The Street Child - Streetism in Ghana


The Street Child - Streetism in Ghana

A Poem by our student Zeinab Lavielle Ibrahim


Can your silent cries be heard?

Or you wish to die?

Maybe Yes and maybe No

Society may prove you so.

Succumbed to hard conditions,

I feel your pains!

Fate made you so,

Or society held you so?

Heartbroken and disturbed,

Your lives are in jeopardy

Your number is rising!

Yet, your predicament is overlooked.

Will society realize their mistakes?

Or, will your future be succumbed to a depleted fate?

I see no justification in trading your innocence

Your parents are just architects of negligence.

I hope and pray for a redefined destiny

And may you be far from any atrocity

I pray life offers you a better treat

And your life never goes back on the street.

A short introduction of Lavielle and our Junior Program

Before we continue with today’s topic “Streetism” we would like to introduce the writer to you.

Here is a short video of Lavielle who has been a student of our Junior Program in Nima-Accra for a long time. Despite her physical handicap Lavielle is full of energy, an ambitious student as well as the founder and leader of an youth organisation called “GADA” (Girls Against Drug Abuse).

Our Junior Program is empowering less privileged children through education and medical support in Nima-Accra. This is where our founder and chairman, Amin Zaaki, was born and raised. He knows by his own experience what it means to live and survive in places like Nima, Mamobi or Newtown. He believes in the power of formal and informal education and that it is one way out of poverty. Our afternoon Kids Club is providing a safe space to the children and youth of the neighbourhood where they can meet, play, read, do their homework or seek advice from our team.


An Essay by Zeinab Lavielle Ibrahim

Streetism has become a normal routine to the eyes of many. Why fancy streetism? Personally my pen goes to book upon seeing street children. “If you want to change the world, pick up your pen and write’’ Martin Luther once said. I believe in writing to bring out the voice of the voiceless. Street children involve neglected kids, children from broken homes, poverty stricken children, etc.

The living of homeless or unmonitored children on the street is called streetism. Also streetism can be as a result of increased urbanization and the difficult socio-economic circumstances rural families are experiencing. Thus, most people in rural communities admire the idea of living in the city, little do they know about the challenges associated. On the street of Nima, Fadaama, Ashiaman, Madina, Agbobloshie, etc. the lives of teens on the street cannot be counted. It saddens my heart to see the future struggling to fend for themselves.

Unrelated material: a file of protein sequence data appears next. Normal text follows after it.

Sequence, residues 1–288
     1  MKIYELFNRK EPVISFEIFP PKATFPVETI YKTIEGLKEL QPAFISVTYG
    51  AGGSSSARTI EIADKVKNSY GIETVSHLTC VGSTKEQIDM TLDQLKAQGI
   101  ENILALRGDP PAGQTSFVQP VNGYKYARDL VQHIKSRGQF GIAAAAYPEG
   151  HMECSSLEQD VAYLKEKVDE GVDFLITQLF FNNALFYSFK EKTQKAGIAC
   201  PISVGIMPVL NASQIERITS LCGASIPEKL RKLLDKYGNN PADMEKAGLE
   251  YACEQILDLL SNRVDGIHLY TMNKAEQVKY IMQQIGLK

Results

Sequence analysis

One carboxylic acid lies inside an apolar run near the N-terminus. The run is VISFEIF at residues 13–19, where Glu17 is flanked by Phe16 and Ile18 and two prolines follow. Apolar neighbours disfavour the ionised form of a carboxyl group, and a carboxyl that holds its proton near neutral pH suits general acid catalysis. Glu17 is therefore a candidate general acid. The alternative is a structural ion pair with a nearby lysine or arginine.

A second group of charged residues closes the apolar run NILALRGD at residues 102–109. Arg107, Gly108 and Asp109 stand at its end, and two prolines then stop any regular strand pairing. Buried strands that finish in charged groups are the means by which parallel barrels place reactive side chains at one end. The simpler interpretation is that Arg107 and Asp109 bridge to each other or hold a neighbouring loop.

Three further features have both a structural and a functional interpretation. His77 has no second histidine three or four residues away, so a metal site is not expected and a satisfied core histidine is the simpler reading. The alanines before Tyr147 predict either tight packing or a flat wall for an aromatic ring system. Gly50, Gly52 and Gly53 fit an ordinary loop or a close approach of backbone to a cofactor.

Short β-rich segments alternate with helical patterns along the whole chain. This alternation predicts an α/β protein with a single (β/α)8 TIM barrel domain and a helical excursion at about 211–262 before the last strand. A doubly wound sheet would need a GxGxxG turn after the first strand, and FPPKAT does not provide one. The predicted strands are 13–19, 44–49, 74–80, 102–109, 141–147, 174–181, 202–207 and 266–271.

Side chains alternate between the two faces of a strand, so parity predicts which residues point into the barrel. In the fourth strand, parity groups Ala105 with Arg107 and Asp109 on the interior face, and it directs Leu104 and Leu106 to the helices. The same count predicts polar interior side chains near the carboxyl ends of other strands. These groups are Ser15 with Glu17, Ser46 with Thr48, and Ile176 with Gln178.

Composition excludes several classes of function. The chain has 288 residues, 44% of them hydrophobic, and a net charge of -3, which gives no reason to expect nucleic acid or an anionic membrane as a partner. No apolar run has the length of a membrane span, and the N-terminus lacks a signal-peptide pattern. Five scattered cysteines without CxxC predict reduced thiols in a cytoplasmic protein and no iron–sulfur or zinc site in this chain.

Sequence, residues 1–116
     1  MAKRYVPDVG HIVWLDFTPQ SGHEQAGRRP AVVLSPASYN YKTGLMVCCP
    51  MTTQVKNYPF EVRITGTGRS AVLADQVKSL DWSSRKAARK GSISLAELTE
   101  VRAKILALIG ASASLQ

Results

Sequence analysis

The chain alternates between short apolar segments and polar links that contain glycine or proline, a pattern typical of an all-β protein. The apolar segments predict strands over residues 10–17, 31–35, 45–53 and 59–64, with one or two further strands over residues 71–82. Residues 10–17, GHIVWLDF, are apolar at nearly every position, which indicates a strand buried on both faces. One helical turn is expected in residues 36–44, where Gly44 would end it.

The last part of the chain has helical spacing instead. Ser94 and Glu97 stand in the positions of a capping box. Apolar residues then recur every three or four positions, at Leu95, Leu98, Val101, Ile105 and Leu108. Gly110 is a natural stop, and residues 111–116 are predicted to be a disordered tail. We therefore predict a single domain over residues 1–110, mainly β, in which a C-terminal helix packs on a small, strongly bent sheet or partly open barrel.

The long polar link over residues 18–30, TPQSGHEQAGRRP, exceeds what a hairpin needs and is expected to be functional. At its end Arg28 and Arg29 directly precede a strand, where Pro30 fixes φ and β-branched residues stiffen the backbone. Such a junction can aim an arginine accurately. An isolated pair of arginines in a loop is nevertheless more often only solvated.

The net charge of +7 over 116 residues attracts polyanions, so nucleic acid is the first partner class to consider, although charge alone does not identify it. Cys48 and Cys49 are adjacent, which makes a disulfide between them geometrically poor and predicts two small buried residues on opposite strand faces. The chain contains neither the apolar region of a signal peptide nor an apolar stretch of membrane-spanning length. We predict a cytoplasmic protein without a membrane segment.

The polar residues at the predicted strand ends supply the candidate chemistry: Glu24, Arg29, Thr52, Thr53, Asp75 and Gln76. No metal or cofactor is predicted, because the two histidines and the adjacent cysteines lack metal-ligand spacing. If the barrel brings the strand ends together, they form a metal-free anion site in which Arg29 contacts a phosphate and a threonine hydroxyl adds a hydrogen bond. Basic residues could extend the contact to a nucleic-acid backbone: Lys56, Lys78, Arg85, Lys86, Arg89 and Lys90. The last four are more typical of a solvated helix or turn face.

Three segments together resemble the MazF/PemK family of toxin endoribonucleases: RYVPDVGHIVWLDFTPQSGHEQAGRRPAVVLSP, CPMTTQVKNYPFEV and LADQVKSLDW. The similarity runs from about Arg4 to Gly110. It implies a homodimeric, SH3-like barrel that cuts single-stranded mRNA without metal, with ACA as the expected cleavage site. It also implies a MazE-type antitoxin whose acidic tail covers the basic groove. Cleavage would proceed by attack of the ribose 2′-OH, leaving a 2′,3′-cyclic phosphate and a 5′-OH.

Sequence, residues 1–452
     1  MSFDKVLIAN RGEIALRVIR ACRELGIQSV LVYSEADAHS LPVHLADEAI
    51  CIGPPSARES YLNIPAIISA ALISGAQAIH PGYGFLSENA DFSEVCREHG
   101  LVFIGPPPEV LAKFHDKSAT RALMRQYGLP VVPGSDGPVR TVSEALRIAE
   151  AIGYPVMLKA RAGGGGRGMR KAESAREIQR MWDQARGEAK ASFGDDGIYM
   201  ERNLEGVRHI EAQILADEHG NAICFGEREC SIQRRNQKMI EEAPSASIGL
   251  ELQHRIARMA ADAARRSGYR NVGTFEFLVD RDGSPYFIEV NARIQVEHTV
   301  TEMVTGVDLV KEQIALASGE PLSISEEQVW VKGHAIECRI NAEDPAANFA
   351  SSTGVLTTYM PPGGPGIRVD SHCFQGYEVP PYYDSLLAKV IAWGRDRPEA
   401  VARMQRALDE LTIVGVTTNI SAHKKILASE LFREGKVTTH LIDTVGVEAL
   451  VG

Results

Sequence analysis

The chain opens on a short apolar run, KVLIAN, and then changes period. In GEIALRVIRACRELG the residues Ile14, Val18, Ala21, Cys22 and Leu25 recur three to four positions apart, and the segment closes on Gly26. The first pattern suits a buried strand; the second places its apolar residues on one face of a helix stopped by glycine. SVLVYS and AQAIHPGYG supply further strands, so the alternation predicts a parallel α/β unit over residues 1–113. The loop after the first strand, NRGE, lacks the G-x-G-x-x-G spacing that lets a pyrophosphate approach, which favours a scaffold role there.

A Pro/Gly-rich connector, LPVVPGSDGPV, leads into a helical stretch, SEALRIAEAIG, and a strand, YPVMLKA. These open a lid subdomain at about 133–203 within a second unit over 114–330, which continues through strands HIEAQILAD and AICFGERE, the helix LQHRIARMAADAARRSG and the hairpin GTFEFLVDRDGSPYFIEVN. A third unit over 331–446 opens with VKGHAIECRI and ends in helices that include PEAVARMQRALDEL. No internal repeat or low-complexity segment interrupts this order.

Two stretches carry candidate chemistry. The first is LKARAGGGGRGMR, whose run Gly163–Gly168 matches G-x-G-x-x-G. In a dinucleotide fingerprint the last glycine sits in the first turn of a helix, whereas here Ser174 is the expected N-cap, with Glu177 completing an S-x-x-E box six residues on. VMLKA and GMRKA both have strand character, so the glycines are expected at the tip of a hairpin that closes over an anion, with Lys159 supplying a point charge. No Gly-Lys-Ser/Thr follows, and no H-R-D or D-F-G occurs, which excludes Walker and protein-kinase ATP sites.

Currently, about sixty-one thousand children are on the streets of Accra struggling to make ends meet. In May 2009, a head count of street children was done in Accra. The result obtained showed that 43% of the total population were males and the 57% were females.


Exposure to rape, murder, prostitution, vandalism and illegal drug usage is highly experienced by street children. During traffic jams. Street children seek for alms and even follow vehicles upon moving which life is very threatening. Someone might ask how deadly is this? For a pesewa or cedi, a street child must follow a vehicle whiles moving to the expense of claiming one’s life.

Respectively, Parents and Guardians, why leave a child to the street? The danger in living on the street is soo bad. Nailing down to “Faceless” by Amma Atta Aidoo can mirror the contemporary life of a street child. Whether poor or rich, there’s no justification in leaving a child to the street. Little attention is given to alarming issues like ’’Streetism’’. It is a cycle of violence and complications. Children supposed to be acquiring learning skills are out there on the streets endangering their lives. I ask myself, where are Government Officials, Religious Heads, Community Leaders, Parents and or Guardians? Why have we instilled fear in being Voices to the Voiceless?

Effectively, Public education is a tool in curbing streetism. Parents, guardians, children, religious heads, etc. must be educated intensively on the effect of streetism. Streetism leads to extreme deprivation and social exclusion, creating avenues for engaging in crimes. This must be well-known to people. Parents must engage themselves in trading activities to fend for their children. ‘Poverty is the mother of crime’’ said by a Roman statesman. Also, Rehabilitation is another way to eradicate streetism. Trading ideas, formal education and handmade skills must be equipped to street children in rehabilitation firms. Related organizations like Street Children Empowerment Foundation (SCEF) must be established to support street children and their families.


The Ministry for Gender, Children and Social Protection must stand up to its work. They must walk up to major streets and at least not lend a helping hand but give the street child a right to a better life. The Government, Corporate Ghana, Media and all citizens must work vigorously to eradicate streetism. Putting all hands to wheel, lets find a lasting solution to end streetism.

Let’s ensure that, the street do not become breeding grounds for social vices. I vividly believe, our effort can unearth the creativity in a street child for a better Ghana. I call on politicians and appeal to them, Let’s take a bi-partisan method to deal with street children. I, Ibrahim Lavielle Zeinab believe the standard of life is raised by being more human and less being.